Spot the stress displayed by the Elkhound who didn’t win Westminster

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A German Shepherd may have won the Westminster Dog Show last night, but it was a different dog that won my heart: One who was letting us know that he really didn’t want to be there…

Personality was noted as one of the reasons for Rumor the German Shepherd’s win. The goal of dog shows is to find a dog that most conforms to the proportions and features that each individual breed holds as a standard. The winner gets to have a lot of puppies. You would think that, as this is essentially a beauty contest, there might be a talent section. But there isn’t really. So it’s hard to get a sense of them as individuals with distinct personalities. Sure, they run the dogs around in circles, but one dog running in a circle isn’t that different from another one. It’s not like any of them got up and played the harp.

As anyone who has ever tried online dating knows, it is really hard to discern personality by looks! You have to get to know a dog, even just a little bit. Even then, so much of what we see when we see a dog is inside of us rather than something emanating from the dog. In a sense, that means that every person has a different idea of one dog’s personality. But we take this false looks-personality shortcut with people, too. Just because both you and I might have ideas about what Brad Pitt is really like does not mean that we actually know what he is like. And even if we did, we would both be experiencing him from the unique lens of all our prior experiences. In that way, a dog or a person has as many “personalities” as people considering his personality.

But a lot of the time, people forget that. What’s more, it’s easy to forget that we don’t read dogs’ thoughts. We each interpret what a dog is doing through our individual filter of rights and wrongs and goods and bads, etc. Saying that your dog is stubborn or guilty or jealous suggests a kind of ESP that is, at best, a guess. You’ll never know exactly what a dog is thinking, just like you can never truly know the contents of another person‘s thoughts.

However, you can get clues to help make these guesses more informed by watching a dog’s body language. I was pleased to see that most of the dogs in the final round had the kind of loose body language that usually indicates a happy dog. But there was one dog who looks like he was not into it: that would be Duffy, winner of the hound group. This Norwegian Elkhound looked like she was being handled by a particularly collar-yanky lady. Here, I’ve cut together moments where she is showing displacement behaviors. These are things dogs do (we think!) to soothe themselves, or appease each other, or express excitement. They’re generally interpreted as signs of anxiety. It’s kind of like when you’re mad and you punch a wall, or jump up and down when excited. It doesn’t make sense to do that in that moment, but the feelings need some kind of outlet.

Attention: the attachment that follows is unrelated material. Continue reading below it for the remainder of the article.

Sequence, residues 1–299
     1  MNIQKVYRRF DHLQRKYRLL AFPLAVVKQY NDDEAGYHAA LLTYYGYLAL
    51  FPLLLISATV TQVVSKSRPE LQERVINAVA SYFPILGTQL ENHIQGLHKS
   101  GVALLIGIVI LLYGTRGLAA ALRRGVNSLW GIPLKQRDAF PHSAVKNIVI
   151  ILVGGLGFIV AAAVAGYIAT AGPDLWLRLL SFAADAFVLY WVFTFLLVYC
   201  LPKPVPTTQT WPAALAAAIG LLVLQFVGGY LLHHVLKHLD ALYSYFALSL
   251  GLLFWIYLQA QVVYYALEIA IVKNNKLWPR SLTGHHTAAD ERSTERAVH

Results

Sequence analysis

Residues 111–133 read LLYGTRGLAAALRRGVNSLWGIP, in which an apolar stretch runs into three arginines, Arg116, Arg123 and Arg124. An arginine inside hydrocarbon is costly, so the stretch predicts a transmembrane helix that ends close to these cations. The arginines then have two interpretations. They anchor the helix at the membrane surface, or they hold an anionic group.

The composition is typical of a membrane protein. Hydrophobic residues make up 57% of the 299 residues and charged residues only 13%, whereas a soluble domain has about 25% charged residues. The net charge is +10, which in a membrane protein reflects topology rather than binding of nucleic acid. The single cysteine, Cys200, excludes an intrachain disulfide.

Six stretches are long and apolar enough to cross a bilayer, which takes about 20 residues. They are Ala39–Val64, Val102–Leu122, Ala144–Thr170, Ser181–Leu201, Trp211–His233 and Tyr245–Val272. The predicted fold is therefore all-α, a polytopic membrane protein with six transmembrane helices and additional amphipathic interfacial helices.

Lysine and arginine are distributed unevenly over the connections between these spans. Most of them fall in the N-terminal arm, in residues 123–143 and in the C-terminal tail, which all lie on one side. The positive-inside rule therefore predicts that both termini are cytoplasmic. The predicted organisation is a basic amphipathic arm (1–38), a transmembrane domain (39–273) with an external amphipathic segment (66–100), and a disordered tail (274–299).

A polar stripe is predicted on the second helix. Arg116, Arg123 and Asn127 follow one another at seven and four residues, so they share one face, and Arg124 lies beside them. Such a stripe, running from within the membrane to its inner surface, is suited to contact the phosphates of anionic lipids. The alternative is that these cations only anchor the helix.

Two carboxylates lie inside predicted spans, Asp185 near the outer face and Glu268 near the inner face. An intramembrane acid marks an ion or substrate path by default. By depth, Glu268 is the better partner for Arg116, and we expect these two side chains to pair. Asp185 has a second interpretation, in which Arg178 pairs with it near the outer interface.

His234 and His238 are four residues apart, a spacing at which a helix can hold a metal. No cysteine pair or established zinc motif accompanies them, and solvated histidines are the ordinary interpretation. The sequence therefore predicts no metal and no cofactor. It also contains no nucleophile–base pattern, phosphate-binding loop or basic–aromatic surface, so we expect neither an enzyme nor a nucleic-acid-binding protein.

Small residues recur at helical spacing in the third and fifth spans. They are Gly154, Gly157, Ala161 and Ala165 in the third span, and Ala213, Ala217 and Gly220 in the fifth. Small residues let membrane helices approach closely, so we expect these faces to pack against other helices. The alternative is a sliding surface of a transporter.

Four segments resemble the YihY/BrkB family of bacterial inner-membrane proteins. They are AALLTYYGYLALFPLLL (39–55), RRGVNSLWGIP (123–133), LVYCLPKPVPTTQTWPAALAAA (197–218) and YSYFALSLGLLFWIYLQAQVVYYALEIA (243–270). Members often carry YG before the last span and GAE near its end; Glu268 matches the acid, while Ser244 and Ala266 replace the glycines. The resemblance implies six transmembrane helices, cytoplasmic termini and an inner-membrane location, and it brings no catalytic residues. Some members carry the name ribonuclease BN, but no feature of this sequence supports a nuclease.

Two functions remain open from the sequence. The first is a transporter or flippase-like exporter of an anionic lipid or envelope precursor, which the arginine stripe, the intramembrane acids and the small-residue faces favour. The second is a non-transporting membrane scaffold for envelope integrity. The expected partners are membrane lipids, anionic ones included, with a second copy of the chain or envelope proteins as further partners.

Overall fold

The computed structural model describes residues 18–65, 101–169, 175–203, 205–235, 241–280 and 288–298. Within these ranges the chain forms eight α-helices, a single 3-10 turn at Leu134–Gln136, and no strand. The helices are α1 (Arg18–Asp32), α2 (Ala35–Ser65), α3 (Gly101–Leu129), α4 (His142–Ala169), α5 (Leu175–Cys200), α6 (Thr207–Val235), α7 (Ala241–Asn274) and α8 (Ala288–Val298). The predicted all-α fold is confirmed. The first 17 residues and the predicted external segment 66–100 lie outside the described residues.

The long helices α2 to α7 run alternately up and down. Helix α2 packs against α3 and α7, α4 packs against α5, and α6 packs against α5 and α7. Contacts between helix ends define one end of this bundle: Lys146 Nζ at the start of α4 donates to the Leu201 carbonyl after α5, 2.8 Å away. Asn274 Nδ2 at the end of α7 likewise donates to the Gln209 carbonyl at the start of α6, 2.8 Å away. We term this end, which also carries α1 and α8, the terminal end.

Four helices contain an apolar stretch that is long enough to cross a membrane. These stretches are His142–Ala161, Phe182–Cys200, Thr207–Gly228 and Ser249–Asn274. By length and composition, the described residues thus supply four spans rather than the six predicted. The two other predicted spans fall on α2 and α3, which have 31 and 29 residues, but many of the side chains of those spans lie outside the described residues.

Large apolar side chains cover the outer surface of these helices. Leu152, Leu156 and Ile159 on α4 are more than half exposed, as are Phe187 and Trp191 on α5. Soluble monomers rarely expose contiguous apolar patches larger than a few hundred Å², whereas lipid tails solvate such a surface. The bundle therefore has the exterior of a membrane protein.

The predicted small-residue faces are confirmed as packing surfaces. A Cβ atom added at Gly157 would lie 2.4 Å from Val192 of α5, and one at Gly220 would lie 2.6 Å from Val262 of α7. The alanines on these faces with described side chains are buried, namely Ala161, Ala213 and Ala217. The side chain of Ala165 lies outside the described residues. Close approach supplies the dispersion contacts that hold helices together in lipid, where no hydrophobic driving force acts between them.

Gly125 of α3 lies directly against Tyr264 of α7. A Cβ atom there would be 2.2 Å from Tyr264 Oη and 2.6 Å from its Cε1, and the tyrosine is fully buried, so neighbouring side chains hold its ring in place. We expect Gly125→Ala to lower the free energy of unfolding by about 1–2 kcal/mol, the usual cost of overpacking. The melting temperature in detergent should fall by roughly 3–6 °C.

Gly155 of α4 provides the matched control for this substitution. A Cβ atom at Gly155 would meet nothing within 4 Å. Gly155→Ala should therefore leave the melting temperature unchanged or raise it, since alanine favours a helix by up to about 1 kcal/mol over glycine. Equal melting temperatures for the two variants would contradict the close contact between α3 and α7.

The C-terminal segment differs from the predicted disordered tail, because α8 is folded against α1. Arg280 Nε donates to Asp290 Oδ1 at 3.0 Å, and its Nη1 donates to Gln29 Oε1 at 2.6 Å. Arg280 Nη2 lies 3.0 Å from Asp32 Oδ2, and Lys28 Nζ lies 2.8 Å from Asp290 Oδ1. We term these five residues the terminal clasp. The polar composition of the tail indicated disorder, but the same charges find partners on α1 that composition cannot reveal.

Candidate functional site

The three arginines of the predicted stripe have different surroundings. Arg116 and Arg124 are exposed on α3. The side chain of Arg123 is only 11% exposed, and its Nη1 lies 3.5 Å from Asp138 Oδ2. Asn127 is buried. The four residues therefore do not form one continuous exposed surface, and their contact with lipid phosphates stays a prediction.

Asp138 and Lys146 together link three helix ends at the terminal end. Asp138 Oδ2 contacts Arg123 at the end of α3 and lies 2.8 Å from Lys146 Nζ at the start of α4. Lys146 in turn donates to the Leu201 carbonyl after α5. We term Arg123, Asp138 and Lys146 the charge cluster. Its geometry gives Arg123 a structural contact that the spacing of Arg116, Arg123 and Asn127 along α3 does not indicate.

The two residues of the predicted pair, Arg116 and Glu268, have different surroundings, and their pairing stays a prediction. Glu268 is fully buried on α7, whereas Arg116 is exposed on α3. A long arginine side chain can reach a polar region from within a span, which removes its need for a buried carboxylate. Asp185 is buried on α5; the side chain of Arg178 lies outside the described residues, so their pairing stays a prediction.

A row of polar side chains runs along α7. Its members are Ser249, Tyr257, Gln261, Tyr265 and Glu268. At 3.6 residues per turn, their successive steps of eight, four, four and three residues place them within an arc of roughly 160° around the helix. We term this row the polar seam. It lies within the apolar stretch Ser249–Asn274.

I spotted Duffy displaying several displacement behaviors, including a lot of shake offs and lip licks. She also clearly was fearful about the cameramen. She shows the whites of her eyes, leans forward, and her hackles (head and neck hairs) go up. She also barks at them. When a dog is tethered and can’t escape a perceived threat, a deep bark may be a way to try to create distance between them and the scary thing. When she barks at the cameramen while the judge is extolling her virtues, the judge notes that one of the reasons she chose Duffy is because Duffy “notices things.” Huh?! That’s kind of like getting an Oscar for nose breathing. I also thought it was funny that, when introducing Duffy, the screen flashes a caption telling us that her favorite thing is pizza. She is a dog who notices things AND likes pizza, folks.

She is also a dog who is surrounded by people who aren’t listening to what her body is actually saying.

Based on her body language, what other guesses can you make about how Duffy is feeling?


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